The Aging Brain

Growing older is a good thing, and with it come various alterations to the body. The National Institute on Aging lists some changes that a healthy brain experiences as a person gets older. These changes include:

– Shrinking in certain areas of the brain, especially the prefrontal cortex and the hippocampus

– Communication between neurons can be reduced due to changes in neurotransmitters and neurons

– Blood flow may be reduced due to changes in the brain’s blood vessels

– Increased cell damage by free radicals

After about age 40, brain mass and volume are said to decline at a rate of around 2-5% every 10 years, depending on the area of the brain. Occurring along with this physical degradation is age related cognitive decline. Because the areas of the brain that see the greatest loss include the prefrontal cortex and the hippocampus (both involved with memory), memory loss is the area of greatest cognitive change noted.

However, memory is a complex system, and not all areas involved age at the same rate. Incidental memory, remembering things effortlessly, is one type that is most affected. Working memory, which involves moment to moment remembering, is also seen to diminish with age. Losing the ability to immediately retrieve a word or information also can see decline (“It’s on the tip of my tongue”).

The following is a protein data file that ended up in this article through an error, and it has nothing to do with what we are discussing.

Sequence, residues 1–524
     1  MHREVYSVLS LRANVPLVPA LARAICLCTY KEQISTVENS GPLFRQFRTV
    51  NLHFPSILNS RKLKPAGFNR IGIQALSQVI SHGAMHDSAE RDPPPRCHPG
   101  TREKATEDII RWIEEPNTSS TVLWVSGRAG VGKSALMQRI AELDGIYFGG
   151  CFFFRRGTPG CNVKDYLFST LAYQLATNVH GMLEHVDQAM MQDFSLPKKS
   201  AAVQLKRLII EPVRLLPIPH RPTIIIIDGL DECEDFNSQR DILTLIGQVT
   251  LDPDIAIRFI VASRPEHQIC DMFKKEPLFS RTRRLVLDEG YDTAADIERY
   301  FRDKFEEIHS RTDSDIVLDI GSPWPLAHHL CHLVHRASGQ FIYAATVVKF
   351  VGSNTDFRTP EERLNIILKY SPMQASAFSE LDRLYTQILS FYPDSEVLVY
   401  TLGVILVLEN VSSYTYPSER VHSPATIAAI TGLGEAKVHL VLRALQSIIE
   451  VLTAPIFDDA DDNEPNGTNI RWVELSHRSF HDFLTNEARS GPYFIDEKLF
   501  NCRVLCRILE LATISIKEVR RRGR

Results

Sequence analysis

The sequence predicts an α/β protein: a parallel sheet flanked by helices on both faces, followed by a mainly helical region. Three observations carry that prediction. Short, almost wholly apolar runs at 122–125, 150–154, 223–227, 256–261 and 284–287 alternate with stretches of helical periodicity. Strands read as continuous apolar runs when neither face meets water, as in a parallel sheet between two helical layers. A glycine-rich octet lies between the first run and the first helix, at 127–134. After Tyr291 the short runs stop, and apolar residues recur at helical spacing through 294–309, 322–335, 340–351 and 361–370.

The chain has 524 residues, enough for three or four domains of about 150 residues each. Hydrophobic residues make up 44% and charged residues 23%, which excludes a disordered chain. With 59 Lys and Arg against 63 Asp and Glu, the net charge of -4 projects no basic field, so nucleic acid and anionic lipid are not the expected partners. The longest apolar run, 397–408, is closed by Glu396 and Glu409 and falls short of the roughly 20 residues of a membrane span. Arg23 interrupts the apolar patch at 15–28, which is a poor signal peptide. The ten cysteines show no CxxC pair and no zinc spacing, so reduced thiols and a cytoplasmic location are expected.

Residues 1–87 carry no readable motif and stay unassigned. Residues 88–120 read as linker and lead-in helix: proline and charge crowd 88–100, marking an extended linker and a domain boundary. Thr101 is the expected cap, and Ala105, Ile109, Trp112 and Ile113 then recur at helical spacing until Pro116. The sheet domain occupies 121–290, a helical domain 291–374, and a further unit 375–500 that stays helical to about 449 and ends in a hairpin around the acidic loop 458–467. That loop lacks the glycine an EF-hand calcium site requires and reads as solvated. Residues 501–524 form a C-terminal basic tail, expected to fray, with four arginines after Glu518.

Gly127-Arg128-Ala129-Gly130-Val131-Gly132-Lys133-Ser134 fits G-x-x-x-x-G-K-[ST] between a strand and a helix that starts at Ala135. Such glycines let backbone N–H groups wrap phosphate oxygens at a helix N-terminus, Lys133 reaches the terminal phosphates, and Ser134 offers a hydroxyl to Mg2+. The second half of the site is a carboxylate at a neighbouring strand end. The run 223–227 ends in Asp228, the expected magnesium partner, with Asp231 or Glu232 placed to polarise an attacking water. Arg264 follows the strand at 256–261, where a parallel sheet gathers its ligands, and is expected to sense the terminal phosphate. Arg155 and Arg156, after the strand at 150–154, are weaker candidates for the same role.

The areas less affected by aging include implicit memory, which involves conditioning and motor learning, and semantic memory, which is knowledge that is frequently accessed. Acquisition of vocabulary also continues to increase as we get older.

Free radicals are generated by our bodies in response to exposure to various physiochemical conditions or disease states. They are a chemical species with unpaired electrons (primarily making a reactive oxygen species) and have a negative impact on the cellular level.  Antioxidants in our system help maintain a balance, but can become overwhelmed leading to oxidative stress. Brain tissue is highly sensitive to damage from free radicals due to their lipid content and high requirement for oxygen.

In addition to aging, other risk factors for cognitive decline include:

– Inactivity

– Smoking

– Heavy alcohol use

– High blood pressure

– High cholesterol

– Chronic stress

– Low social activity

– Poor diet

Changes in the brain do not occur at the same rate in everyone, and are influenced by numerous factors throughout life. Understanding the changes that may happen with age, and risk factors determined by how we live our lives, give us more control over the future of our cognitive abilities as we grow older.


Medscape – Lifestyle Change and the Prevention of Cognitive Decline and Dementia
NCBI – Ageing and the brain
NCBI – The Role of Free Radicals in the Aging Brain and Parkinson’s Disease
NIH – The Changing Brain in Healthy Aging